Coronavirus patients can have lungs scanned with pioneeering new hand-held device
A pioneering NHS team is utilising a hand-held ultrasound device which can scan the lungs of Covid patients without the need for chest X-rays.
The smartphone-connected breakthrough helps healthcare professionals save time in diagnosis – making a major difference to patient treatment and outcomes.
The innovative triage system allows critical care for patients who needed it most, eases demand on clinicians and reduces the burden on the hospital.
Dr Andrew Walden, Consultant in Acute Medicine and Intensive Care Medicine, and Dr Joseph Nunan, Ultrasound Fellow, from the Royal Berkshire Hospital, adopted the treatment at the peak of the pandemic.
They embraced point-of-care ultrasound (POCUS) technology using the Butterfly iQ, an innovative device, that scans the whole body and shows real-time images when connected to a smartphone.
The triage system (TICC-19), was inspired by a similar system used in Brescia, Italy, one of the worst affected areas in Europe at the time.
Patients with suspected COVID-19 were triaged remotely using oximeters and called into hospital if their condition changed.
Using the Butterfly iQ, rapid lung scans are carried out on patients in the emergency department, to quickly identify those who needed urgent treatment, without the need for chest x-rays.
This led to a faster turnaround of patients, helping to prioritise which patients to treat, and who to send home, ensuring beds were reserved for those who needed them.
Drs Walden and Nunan even trained local GPs to perform and read lung scans using the Butterfly iQ in specially-created primary care respiratory clinics in Reading.
This helped to diagnose COVID-19 cases in the community and ease pressure on hospital teams and secondary care.
Dr Andrew Walden said: “The Covid-19 triage system we implemented at Royal Berkshire Hospital is a prime example of how collaboration and innovation was able to support patients and the NHS at a critical moment.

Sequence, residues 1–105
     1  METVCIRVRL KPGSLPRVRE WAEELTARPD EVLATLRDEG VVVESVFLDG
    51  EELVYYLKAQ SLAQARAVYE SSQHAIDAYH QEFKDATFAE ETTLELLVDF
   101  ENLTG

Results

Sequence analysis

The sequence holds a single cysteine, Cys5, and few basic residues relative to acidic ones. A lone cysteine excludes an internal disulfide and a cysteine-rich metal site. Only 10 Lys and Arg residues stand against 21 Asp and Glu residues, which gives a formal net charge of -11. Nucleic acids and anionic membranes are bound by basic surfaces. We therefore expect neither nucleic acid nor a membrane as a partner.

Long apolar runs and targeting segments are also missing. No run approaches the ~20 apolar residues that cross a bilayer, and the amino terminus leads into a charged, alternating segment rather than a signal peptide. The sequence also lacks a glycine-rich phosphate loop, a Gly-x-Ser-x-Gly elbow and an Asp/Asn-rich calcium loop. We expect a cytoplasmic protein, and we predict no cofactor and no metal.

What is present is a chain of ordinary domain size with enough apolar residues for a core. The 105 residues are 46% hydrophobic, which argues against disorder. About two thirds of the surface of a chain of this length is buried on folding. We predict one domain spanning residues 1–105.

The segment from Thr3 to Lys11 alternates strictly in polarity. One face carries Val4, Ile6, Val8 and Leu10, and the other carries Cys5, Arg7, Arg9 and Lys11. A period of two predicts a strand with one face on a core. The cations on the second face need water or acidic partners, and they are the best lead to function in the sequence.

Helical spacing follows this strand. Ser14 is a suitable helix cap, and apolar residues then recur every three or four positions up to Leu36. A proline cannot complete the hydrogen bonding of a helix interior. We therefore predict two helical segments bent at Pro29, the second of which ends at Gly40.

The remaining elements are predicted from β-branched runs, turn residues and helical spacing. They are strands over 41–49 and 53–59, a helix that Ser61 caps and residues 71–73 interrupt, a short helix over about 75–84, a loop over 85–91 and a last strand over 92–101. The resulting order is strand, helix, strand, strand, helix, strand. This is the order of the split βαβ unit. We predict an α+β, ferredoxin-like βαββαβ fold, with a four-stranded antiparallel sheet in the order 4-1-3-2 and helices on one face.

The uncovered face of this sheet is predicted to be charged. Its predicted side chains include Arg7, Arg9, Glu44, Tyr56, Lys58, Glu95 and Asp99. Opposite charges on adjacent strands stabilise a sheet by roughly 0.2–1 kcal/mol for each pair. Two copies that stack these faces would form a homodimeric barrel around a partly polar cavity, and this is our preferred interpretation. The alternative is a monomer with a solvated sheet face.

“By including POCUS in our system, we were able to ensure the correct care was provided to those who needed it most in partnership with our primary care colleagues.”
In the first seven weeks the primary care team saw 960 patients, of which 36 per cent of all cases were suspected COVID-19.
Then only 46 were admitted to hospital (13.2 per cent of suspected cases).
Using Butterfly iQ’s secure cloud storage system, GPs could quickly send the hospital team images of scans they were concerned about or raise queries.
Dr Shwan Maroof, GP Lead, Virgin Care & Reading Primary Care Response Hub, said: “Using acute diagnostics in this way is new in primary care, and meant, where clinically safe to do so, a number of these patients could be treated at home.
“In particular, learning to read lung ultrasounds and perform scans was vital to our work”.
The POCUS device was key to establishing a unique collaboration between the Royal Berkshire Hospital and a local primary care hub to better diagnose patients with Covid-19.
A Royal Berkshire Hospital spokesperson said: “The Trust is extremely proud of the innovative interventions that the team introduced during the height of the pandemic.
“Working in partnership with our colleagues in primary care to provide high quality effective care to patients has demonstrated that we can do things differently and still achieve the best outcomes.”
Royal Berkshire Hospital will continue the model in response to COVID-19 and in conjunction with primary care.
With the arrival this week of the next-gen Butterfly iQ+, hospitals in the UK will now be able to explore the role of POCUS – with other specialists such as cardiovascular care and nursing.
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